A cache of the 32-bit CPU 104 has cache lines, each composed of 16 bytes. Data in the memory is read out and fetched to the cache for each cache line. Therefore, to read data for one cache line from the memory and fetch it to the cache of the 32-bit CPU 104, data transfer is required four times with all the 32 bits (4 bytes) being effective. A cache of the 64-bit CPU 124 has cache lines, each composed of 32 bytes. Therefore to read data for one cache line from the memory and fetch it to the cache of the CPU 124, data transfer is required four times with all the 64 bits (8 bytes) being effective. Namely, in both of the CPUs, within an effective caching address range, data for one cache line is read into the cache by successively reading data four times with the entire data bus width being effected.

The operation of successively reading or writing data plural times is called the burst cycle or the burst transfer. When the 32-bit CPU 104 is installed, the lower address conversion circuit 606 converts all the four bits BE0'-BE3' of a byte enable signal to "L" level in case of an effective caching burst reading cycle. When the 64-bit CPU 124 is installed, the lower address conversion circuit 606 converts all the four bits BE0'-BE3' of a byte enable signal to "L" level, and changes the value of the address A2 to "0" and to "1", successively.

A burst address generation section 607 (FIGS. 11 and 12) is a circuit that generates an address A3, A4 required for the burst cycle. During the burst cycle of the 64-bit CPU, the address A3, A4 is required to be successively incremented while the transfer of eight bytes is performed four times. However, the 64-bit CPU does not increment the address A3, A4. Therefore, the burst address generation section 607 successively increments the address A3, A4 in synchronism with the transfer repeated four times. The cache enable signal KEN and the module determination signal det are inputted in the AND gate 609. An output from the AND gate 609 is provided to a selection signal terminal of the second selector 608. When the 64-bit CPU 124 is installed, the burst cycle is performed when caching is effective. In this respect, the address A3, A4 generated by the burst address generating section 607 are selected in response to the cache enable signal KEN and outputted to the input-output bus 400. It is noted that when the 32-bit CPU 104 is installed, the CPU 104 increments addresses A2 and A3 during the burst cycle. Accordingly, the addresses A2 and A3 are outputted from the first selector 604 and the second selector 608 as it is, respectively.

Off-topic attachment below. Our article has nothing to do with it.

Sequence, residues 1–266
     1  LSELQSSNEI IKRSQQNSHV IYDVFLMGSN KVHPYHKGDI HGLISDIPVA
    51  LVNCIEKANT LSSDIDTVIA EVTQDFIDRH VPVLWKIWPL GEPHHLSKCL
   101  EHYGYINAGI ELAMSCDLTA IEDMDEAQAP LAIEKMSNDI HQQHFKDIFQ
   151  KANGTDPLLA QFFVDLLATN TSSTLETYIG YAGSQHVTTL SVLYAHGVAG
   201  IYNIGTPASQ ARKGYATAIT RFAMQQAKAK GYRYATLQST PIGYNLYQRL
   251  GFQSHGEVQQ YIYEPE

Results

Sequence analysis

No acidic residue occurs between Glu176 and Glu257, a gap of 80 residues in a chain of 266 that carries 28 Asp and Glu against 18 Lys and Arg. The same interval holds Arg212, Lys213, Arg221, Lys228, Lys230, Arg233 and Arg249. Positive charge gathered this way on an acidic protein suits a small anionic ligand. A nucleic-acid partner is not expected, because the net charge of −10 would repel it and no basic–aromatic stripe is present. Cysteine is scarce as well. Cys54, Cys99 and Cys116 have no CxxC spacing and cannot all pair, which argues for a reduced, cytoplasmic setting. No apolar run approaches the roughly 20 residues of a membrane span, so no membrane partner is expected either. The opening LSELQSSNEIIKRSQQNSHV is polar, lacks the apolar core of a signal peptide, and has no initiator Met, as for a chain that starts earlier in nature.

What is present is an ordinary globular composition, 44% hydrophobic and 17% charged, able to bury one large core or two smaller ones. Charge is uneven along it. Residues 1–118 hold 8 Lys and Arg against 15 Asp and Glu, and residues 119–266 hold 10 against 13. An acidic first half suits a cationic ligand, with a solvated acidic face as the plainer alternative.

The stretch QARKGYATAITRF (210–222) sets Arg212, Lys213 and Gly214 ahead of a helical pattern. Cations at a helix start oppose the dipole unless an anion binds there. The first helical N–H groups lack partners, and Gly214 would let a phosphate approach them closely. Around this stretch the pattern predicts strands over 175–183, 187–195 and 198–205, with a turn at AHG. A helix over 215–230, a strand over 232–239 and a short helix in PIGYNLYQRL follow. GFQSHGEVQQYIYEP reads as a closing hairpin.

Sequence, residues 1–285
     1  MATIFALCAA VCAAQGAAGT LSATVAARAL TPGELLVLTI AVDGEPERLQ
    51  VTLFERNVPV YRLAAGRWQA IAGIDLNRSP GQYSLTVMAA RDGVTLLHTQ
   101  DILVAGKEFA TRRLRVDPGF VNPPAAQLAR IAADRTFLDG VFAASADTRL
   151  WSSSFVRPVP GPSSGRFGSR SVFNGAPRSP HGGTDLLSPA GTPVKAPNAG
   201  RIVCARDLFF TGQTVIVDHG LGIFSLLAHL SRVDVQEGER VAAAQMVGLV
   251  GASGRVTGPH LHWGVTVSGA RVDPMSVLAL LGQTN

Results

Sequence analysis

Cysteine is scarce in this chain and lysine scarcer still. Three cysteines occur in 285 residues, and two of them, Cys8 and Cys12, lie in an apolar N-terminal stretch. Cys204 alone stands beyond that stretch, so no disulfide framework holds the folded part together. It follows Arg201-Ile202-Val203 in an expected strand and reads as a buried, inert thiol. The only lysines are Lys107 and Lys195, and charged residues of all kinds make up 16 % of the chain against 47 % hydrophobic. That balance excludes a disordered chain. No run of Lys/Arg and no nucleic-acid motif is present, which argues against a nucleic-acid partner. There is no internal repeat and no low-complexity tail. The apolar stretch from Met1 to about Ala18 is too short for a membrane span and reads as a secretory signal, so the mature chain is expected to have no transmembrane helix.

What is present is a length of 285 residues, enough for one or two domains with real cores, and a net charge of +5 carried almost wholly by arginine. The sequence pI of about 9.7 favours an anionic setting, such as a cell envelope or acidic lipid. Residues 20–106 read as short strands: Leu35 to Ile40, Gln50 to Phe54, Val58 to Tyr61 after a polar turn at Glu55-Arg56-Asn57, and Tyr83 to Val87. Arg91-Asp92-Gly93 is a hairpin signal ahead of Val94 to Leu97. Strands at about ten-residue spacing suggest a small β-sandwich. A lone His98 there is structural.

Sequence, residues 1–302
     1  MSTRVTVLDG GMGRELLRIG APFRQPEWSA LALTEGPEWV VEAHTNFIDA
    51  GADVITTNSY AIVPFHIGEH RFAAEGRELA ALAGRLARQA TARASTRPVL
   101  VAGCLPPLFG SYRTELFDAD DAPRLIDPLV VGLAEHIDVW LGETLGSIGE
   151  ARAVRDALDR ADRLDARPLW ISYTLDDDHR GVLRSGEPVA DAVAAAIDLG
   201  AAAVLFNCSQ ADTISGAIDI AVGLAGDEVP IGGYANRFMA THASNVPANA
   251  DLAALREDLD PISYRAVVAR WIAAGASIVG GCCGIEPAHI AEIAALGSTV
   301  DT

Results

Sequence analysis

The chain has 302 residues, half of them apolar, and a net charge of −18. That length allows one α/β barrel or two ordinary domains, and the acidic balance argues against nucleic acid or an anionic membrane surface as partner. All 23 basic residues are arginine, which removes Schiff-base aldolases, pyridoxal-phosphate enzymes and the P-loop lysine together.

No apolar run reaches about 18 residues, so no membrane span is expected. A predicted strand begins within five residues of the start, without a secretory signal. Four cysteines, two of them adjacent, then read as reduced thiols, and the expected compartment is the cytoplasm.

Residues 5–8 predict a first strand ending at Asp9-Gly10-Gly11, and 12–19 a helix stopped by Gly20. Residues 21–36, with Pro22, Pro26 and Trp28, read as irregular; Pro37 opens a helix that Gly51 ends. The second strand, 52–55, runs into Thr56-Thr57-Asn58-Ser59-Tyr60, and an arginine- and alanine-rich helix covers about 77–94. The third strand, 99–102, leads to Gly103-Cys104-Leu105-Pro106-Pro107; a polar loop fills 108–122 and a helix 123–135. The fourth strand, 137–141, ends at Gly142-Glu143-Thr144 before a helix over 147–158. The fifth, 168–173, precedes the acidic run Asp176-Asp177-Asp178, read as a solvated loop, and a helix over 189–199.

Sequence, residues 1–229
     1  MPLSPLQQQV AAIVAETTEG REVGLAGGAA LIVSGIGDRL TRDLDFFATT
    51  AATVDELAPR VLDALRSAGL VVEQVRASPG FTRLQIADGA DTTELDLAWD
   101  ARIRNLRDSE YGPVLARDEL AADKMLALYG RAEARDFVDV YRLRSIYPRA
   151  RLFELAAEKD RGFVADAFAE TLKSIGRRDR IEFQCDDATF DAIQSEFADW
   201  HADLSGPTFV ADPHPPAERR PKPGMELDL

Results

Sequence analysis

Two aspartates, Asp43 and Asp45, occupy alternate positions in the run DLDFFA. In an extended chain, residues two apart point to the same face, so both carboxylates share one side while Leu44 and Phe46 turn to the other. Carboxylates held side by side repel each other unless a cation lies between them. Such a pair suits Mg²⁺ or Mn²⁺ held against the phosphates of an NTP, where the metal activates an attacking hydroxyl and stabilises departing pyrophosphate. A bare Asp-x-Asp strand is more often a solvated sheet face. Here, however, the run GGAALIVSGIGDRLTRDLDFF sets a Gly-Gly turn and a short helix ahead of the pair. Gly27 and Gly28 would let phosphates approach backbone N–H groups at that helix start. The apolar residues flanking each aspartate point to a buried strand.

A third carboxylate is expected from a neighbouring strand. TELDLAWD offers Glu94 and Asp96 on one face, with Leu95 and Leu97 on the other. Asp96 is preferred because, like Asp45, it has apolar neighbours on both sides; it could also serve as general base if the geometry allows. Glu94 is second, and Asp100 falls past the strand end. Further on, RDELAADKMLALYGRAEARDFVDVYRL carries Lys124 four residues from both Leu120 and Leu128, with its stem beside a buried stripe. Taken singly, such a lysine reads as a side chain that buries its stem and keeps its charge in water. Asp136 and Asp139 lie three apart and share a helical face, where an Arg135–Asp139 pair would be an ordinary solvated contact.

FIG. 13 shows a timing chart of a bus cycle when data is read from a memory that is coupled to the input-output bus 400 into the 64-bit CPU 124. For a reading cycle in which caching is void, as shown in FIGS. 13 (a)-(i), the CPU outputs an address status signal ADS and a new bus cycle is started. The timing control section 600 outputs to the input-output bus 400 an address status signal ADS' (FIG. 14 (e)) that indicates the start of a bus cycle. The memory controller 202 determines whether or not an address A31-A3 (in effect, an address A31-A5 for each 32 bytes) is within the effective caching address range. In case caching is void, the cache enable signal KEN is maintained at "H" level. In this case, the lower address conversion circuit 606 outputs the lower address A2, BE0'-BE3' that is provided from the first selector 604. The second selector 608 outputs the address A3, A4 (not shown) that is provided from the CPU 124. When data is transferred to the input-output data bus 406, the input-output data bus 406 generates a burst ready signal BRDY' to notify to the timing control section 600 that the data has been transferred. By this, the bus cycle is completed.